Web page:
Predicting the effects of potentially therapeutic modified peptides on polyclonal T cell populations in a mouse model of multiple sclerosis

Sauer, Evan L., Trifilieff, Elisabeth and Greer, Judith M. (2017) Predicting the effects of potentially therapeutic modified peptides on polyclonal T cell populations in a mouse model of multiple sclerosis. Journal of Neuroimmunology, 307 18-26. doi:10.1016/j.jneuroim.2017.03.011


Author Sauer, Evan L.
Trifilieff, Elisabeth
Greer, Judith M.
Title Predicting the effects of potentially therapeutic modified peptides on polyclonal T cell populations in a mouse model of multiple sclerosis
Journal name Journal of Neuroimmunology   Check publisher's open access policy
ISSN 1872-8421
0165-5728
Publication date 2017-06-15
Sub-type Article (original research)
DOI 10.1016/j.jneuroim.2017.03.011
Open Access Status Not yet assessed
Volume 307
Start page 18
End page 26
Total pages 9
Place of publication Amsterdam, Netherlands
Publisher Elsevier BV
Collection year 2018
Language eng
Abstract Altered peptide ligands (APLs) have routinely been studied in clonal populations of Th cells that express a single T cell receptor (TCR), but results generated in this manner poorly predict the effects of APLs on polyclonal Th cells in vivo, contributing to the failure of phase II clinical trials of APLs in autoimmune diseases such as multiple sclerosis (MS). We have used a panel of APLs derived from an encephalitogenic epitope of myelin proteolipid protein to investigate the relationship between antigen cross-reactivity in a polyclonal environment, encephalitogenicity, and the capacity of an APL to provide protection against experimental autoimmune encephalomyelitis (EAE) in SJL mice. In general, polyclonal Th cell lines specific for encephalitogenic APLs cross-reacted with other encephalitogenic APLs, but not with non-encephalitogenic APLs, and vice versa. This, alongside analysis of TCR Vβ usage, suggested that encephalitogenic and non-encephalitogenic subgroups of APLs expand largely non-cross-reactive Th cell populations. As an exception to the rule, one non-encephalitogenic APL, L188, induced proliferation in polyclonal CD4(+) T cells specific for the native encephalitogen, with minimal induction of cytokine production. Co-immunization of L188 alongside the native encephalitogen slightly enhanced disease development. In contrast, another APL, A188, which induced IL-10 production without proliferation in CD4(+) T cells specific for the native encephalitogen, was able to protect against development of EAE in a dose-dependent fashion when co-immunized alongside the native encephalitogen. These results suggest that testing against polyclonal Th cell lines in vitro may be an effective strategy for distinguishing between potentially therapeutic and non-therapeutic APLs.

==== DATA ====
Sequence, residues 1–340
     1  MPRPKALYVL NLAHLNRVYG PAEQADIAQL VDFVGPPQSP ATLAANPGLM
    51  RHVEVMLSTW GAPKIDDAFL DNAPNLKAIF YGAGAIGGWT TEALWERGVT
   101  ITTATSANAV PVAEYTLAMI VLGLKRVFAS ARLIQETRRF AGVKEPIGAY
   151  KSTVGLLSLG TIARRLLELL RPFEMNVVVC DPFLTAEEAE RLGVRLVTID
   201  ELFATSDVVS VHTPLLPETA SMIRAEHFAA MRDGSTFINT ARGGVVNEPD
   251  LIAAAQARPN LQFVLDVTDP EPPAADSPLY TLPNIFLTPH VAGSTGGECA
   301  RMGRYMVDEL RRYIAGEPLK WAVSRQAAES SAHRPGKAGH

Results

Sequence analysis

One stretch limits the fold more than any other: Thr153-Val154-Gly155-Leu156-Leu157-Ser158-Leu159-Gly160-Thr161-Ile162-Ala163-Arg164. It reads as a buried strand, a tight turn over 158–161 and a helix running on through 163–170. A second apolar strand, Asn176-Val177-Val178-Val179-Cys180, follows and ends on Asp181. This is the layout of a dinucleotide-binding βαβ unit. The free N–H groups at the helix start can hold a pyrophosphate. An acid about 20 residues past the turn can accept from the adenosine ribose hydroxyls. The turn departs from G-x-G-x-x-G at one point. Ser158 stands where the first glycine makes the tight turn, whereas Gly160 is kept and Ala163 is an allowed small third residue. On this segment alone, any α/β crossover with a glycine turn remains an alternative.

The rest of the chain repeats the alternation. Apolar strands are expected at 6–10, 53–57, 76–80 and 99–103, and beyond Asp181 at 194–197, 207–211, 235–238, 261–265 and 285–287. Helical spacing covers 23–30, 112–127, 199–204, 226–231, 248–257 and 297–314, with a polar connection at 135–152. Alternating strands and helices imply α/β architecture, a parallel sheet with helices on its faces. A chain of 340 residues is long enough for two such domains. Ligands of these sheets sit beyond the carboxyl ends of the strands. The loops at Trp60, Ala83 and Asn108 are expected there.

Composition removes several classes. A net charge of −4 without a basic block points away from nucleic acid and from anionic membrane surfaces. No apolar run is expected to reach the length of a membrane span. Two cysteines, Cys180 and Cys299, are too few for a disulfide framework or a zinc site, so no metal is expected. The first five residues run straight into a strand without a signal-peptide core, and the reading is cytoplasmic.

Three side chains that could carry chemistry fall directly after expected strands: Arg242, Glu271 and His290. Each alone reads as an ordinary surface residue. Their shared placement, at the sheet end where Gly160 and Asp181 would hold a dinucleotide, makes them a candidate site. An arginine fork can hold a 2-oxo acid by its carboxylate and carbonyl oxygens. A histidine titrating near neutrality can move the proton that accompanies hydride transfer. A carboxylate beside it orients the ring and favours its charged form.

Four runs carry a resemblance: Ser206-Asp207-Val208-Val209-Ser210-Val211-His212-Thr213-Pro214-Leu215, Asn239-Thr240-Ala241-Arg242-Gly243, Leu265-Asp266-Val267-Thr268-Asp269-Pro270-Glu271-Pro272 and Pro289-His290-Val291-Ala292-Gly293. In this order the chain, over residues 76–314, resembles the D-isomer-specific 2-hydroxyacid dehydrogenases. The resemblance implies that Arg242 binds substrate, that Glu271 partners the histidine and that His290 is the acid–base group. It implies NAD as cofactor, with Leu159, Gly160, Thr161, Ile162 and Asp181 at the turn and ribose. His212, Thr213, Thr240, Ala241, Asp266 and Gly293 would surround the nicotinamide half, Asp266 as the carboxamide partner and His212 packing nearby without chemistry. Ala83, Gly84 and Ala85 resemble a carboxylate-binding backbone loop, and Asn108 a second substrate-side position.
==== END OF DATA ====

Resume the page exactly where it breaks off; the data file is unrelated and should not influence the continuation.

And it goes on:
Formatted abstract
Altered peptide ligands (APLs) have routinely been studied in clonal populations of Th cells that express a single T cell receptor (TCR), but results generated in this manner poorly predict the effects of APLs on polyclonal Th cells in vivo, contributing to the failure of phase II clinical trials of APLs in autoimmune diseases such as multiple sclerosis (MS). We have used a panel of APLs derived from an encephalitogenic epitope of myelin proteolipid protein to investigate the relationship between antigen cross-reactivity in a polyclonal environment, encephalitogenicity, and the capacity of an APL to provide protection against experimental autoimmune encephalomyelitis (EAE) in SJL mice. In general, polyclonal Th cell lines specific for encephalitogenic APLs cross-reacted with other encephalitogenic APLs, but not with non-encephalitogenic APLs, and vice versa. This, alongside analysis of TCR Vβ usage, suggested that encephalitogenic and non-encephalitogenic subgroups of APLs expand largely non-cross-reactive Th cell populations. As an exception to the rule, one non-encephalitogenic APL, L188, induced proliferation in polyclonal CD4+ T cells specific for the native encephalitogen, with minimal induction of cytokine production. Co-immunization of L188 alongside the native encephalitogen slightly enhanced disease development. In contrast, another APL, A188, which induced IL-10 production without proliferation in CD4+ T cells specific for the native encephalitogen, was able to protect against development of EAE in a dose-dependent fashion when co-immunized alongside the native encephalitogen. These results suggest that testing against polyclonal Th cell lines in vitro may be an effective strategy for distinguishing between potentially therapeutic and non-therapeutic APLs.
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Document type: Journal Article
Sub-type: Article (original research)
Collections: UQ Centre for Clinical Research Publications
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